Only half qualify for A/L
Much improvement in maths, English standards
By Vidushi Seneviratne
Less than half the candidates who sat the 2004 GCE O/L exam have qualified for the A/Ls, with 342,068 candidates sitting the exam and 134,906 qualifying, making the pass rate 39.4%.

Examinations Commissioner General W.A. Mahinda Wijayasiri said there has been an improvement in the performance of mathematics and English, compared to last year. "The pass rate for mathematics last year was 42.1%, but this year it has risen to 45.4%. We see an improvement in English as well, with last year's pass rate being 34.1%, and this year's being 47.1%," he said.

Of the total number of students sitting the exam, almost 21.4% passed eight subjects, while 35% passed six or more, including language and mathematics. The basic A/L qualification is a Credit pass in the subject chosen. While the eight basic subjects for the O/L exam are language, mathematics, science, social studies, religion, English, asesthetic studies and technical subjects, students can also sit two additional subjects.

The three students with the best results in the island were from the Colombo district. They were from Gothami Balika Maha Vidyalaya, Nalanda Vidyalaya and Royal College. The rest of the top ten students were from St. Anthony's Balika Vidyalaya and Girls' High School, Kandy, Govt. Science Vidyalaya, Matale, Sri Sumangala Boys’ Vidyalaya, Devi Balika M.V., Royal College, Dharmaraja Vidyalaya, Kandy, Rahula Vidyalaya, Matara and Mahinda Vidyalaya, Galle.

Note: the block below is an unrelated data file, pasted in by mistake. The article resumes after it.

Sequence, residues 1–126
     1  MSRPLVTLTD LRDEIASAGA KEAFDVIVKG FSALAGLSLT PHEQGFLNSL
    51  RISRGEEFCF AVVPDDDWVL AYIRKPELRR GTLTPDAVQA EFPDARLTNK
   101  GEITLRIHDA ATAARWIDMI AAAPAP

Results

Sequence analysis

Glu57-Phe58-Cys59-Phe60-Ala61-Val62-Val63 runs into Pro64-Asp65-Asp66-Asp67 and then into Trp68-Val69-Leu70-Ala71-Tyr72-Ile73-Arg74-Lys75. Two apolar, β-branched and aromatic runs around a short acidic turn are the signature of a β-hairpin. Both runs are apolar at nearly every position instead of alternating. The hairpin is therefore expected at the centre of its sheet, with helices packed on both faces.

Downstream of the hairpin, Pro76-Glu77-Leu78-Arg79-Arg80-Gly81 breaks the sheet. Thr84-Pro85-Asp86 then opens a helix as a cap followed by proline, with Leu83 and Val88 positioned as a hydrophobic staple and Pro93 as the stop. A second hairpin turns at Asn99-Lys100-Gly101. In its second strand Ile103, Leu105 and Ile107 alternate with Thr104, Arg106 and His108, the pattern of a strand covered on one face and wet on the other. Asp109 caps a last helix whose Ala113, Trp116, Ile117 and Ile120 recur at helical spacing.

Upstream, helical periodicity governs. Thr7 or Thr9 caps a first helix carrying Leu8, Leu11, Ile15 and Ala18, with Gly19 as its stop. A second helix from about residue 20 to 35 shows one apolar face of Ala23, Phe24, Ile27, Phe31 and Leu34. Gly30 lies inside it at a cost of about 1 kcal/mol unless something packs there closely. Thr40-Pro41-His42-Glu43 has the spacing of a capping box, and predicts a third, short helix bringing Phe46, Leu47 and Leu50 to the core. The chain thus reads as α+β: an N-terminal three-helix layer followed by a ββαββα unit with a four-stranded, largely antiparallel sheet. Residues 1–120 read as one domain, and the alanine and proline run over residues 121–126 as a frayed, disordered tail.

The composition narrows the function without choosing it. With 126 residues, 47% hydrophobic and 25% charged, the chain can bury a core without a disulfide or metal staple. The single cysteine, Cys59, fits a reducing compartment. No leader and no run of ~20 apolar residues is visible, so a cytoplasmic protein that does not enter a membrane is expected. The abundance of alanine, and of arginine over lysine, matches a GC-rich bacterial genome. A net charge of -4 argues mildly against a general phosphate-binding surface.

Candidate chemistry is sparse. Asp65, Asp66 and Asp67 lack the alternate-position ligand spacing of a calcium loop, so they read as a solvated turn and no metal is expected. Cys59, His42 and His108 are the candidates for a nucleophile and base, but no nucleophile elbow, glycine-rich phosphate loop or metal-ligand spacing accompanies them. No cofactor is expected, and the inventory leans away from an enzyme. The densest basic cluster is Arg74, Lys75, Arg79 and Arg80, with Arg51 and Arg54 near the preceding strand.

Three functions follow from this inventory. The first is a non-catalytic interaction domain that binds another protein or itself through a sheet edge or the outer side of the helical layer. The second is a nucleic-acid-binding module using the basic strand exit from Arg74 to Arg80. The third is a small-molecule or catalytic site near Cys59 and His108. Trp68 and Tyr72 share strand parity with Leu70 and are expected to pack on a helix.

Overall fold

The student with the best results said an early start in the studying process was the key to her success. "When studying in Grade 10, I made a timetable and tried my best to follow it. I kept doing past papers relevant to whatever I had studied," said Thanuja Wickramaarachchi of Gothami Balika MV.

“Develop a liking for education and don't consider it a burden. Get involved in whatever you are talented in, simultaneously with studies," was her message to future O/L candidates. "I studied systematically from Grade 10 onwards and kept doing past papers from other schools. I used to study about five hours a day and tried my best to do my daily work," said Ravin Jayatilaka of Nalanda College, who was ranked second. "Apart from the basic subjects, I sat geography and health science as my additional subjects and I did get help in maths, science, English and Sinhala. I plan to do bio science at the A/L," he said.

"I usually tried to keep my mind light and so used to take breaks and play computer games or do something entertaining. I normally studied in the morning for about two or three hours," said Charith Mendis of Royal College who was ranked third. "While in Grade 10, I studied the Grade 11 syllabuses, and by the time I was in Grade 11, I had time to do past papers," he said.

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